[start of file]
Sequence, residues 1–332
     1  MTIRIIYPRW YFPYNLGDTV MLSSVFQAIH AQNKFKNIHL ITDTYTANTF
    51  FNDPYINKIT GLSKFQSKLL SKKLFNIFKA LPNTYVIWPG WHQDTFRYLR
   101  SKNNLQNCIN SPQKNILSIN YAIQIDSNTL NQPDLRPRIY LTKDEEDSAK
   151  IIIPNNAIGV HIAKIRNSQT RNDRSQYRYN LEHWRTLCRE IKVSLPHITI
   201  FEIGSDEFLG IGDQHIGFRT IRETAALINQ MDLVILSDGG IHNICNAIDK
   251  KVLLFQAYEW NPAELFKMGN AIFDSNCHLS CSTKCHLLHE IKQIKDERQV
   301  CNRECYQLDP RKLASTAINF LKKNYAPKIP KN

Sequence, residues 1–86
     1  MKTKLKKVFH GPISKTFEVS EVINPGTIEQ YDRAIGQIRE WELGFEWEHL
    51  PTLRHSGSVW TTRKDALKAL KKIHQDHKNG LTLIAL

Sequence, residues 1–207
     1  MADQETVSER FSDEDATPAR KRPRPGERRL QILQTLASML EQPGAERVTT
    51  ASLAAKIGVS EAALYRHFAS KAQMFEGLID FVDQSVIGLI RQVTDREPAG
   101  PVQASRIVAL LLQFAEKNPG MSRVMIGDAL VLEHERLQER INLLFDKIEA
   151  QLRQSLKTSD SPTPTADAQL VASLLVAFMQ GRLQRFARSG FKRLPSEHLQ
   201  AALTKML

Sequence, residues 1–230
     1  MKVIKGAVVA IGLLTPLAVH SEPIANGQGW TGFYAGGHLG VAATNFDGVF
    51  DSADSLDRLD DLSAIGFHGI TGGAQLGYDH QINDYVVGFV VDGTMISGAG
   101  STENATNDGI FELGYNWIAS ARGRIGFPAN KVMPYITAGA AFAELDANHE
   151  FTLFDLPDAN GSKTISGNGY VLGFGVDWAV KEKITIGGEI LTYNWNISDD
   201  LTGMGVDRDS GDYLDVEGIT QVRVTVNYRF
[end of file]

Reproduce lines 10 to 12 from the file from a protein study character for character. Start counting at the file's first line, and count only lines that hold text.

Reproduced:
     1  MKTKLKKVFH GPISKTFEVS EVINPGTIEQ YDRAIGQIRE WELGFEWEHL
    51  PTLRHSGSVW TTRKDALKAL KKIHQDHKNG LTLIAL

Sequence, residues 1–207